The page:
Earlier in the tournament Ronaldo, nominally Portugal’s captain, claimed that a goal credited to teammate Bruno Fernandes really should have gone to him. Maybe there was karma involved there, too, since the demise of Portugal, which once ruled its African colonies with an iron fist, cleared the way for Morocco to become the first African nation to reach the World Cup semifinals.
And it did so during the first tournament held in an Arab country.
Morocco was given little chance to get out of a group that included Belgium and Croatia, top three teams four years ago. Instead, it won the group.
In the knockout stages it was given little chance against Spain, a former World Cup champion, and Ronaldo’s Portugal, ranked ninth in the world. It beat both and still has not allowed an opponent to score, conceding only an own goal in five games.
That success has inspired people in both Arab and African countries, as well as in other places with significant Moroccan populations.
“A victory for any Arab team is a victory for all Arabs,” said Nizar Ahmad, a 27-year-old nurse from Jordan who works in Qatar and is now a Moroccan fan.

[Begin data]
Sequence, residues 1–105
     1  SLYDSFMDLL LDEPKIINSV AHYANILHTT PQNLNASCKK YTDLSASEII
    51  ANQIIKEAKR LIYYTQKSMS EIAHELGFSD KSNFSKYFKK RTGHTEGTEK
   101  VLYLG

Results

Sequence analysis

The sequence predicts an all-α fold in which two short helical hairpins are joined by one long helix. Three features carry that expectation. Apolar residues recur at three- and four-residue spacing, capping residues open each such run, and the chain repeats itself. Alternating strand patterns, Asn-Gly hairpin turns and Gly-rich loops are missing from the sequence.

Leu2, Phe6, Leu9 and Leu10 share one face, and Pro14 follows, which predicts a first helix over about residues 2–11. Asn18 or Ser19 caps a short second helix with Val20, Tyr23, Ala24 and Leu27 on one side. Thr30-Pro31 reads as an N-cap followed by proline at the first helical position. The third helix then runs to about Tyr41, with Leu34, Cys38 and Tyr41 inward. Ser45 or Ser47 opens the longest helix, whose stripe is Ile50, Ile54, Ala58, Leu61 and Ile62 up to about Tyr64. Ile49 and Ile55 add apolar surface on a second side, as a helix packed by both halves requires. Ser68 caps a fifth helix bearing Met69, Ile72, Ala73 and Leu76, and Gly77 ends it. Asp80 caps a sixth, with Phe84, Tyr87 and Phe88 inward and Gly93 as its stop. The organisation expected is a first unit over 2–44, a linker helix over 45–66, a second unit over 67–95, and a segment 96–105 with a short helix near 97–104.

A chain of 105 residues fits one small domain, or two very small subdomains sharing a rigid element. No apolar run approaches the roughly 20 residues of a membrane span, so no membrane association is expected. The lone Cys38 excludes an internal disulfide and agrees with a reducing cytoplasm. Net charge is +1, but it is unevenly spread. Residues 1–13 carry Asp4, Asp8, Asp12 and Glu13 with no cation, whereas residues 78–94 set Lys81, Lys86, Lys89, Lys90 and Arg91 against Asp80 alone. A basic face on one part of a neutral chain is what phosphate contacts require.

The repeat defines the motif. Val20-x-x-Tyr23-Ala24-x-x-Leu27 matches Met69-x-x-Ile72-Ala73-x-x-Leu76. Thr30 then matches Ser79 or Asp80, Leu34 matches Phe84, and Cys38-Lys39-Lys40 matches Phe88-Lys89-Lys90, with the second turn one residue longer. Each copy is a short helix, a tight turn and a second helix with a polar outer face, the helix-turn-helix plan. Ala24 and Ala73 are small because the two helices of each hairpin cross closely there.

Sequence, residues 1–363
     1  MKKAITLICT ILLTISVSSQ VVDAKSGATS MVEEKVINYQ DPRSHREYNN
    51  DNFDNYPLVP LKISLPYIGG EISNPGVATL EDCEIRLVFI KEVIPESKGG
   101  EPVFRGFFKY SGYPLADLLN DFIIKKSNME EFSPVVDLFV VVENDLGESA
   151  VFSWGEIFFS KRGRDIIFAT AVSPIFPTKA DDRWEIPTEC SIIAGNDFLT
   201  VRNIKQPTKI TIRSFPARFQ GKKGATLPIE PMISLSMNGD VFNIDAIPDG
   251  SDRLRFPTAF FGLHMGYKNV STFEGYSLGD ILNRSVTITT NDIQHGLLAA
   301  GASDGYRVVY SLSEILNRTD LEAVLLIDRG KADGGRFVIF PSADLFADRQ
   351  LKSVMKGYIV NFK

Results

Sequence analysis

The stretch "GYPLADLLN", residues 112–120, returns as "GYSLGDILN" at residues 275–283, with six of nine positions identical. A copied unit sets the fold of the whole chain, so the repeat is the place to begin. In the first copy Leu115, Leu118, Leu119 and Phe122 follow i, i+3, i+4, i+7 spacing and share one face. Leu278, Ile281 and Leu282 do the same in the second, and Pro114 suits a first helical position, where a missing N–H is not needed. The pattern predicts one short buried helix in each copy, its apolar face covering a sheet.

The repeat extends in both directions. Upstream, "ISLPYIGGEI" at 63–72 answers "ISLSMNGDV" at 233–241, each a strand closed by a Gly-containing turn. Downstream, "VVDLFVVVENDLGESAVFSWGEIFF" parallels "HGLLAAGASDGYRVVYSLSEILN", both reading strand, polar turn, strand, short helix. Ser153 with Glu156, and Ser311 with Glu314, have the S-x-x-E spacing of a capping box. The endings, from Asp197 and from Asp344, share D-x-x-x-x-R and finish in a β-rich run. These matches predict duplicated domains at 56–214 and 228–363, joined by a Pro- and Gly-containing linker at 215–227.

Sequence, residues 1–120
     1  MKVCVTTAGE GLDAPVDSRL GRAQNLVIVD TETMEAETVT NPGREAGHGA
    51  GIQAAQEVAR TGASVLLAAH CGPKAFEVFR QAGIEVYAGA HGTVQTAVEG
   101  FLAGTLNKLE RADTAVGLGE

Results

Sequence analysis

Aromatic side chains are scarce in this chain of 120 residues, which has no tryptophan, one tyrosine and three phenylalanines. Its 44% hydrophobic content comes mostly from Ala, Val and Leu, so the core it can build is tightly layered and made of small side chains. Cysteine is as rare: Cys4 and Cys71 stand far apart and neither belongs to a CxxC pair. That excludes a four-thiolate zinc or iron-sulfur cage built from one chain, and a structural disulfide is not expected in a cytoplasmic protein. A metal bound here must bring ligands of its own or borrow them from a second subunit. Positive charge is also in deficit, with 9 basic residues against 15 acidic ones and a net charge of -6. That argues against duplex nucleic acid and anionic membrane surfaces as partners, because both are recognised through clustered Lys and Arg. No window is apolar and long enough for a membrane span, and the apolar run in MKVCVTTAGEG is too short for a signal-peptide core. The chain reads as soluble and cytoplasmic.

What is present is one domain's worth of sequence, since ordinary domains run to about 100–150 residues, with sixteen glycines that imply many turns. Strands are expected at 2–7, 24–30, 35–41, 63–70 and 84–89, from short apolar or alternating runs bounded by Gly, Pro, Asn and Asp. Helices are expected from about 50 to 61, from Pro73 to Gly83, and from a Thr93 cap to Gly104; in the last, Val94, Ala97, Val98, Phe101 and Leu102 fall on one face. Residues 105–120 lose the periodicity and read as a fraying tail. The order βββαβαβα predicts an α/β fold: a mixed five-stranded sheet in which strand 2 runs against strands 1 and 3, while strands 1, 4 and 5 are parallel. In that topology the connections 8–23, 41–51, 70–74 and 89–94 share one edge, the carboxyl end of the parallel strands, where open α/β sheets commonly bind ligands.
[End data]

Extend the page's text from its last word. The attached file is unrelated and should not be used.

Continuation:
In fact, most of the world should be cheering for Morocco, which is just the third country outside Europe and South America to reach the World Cup semifinals, following South Korea in 2002 and the U.S. in 1930. To become the first to reach the final it will have to beat France.
The countries have close ties since Morocco was a French protectorate until 1956 and three of its players, as well as its coach, were born in France. Four of its top players still play there. So Morocco will not catch the French by surprise.
"Few people expected to see Morocco in the semifinal, they have surprised everyone and have deserved to be there. No one can take that away from them," French coach Didier Deschamps said.
"They have played and beaten some of the best teams in the world. It is a historic achievement.”
Not if you’re Portugal or Brazil. For those two countries it was cataclysmic.
This story originally appeared in Los Angeles Times.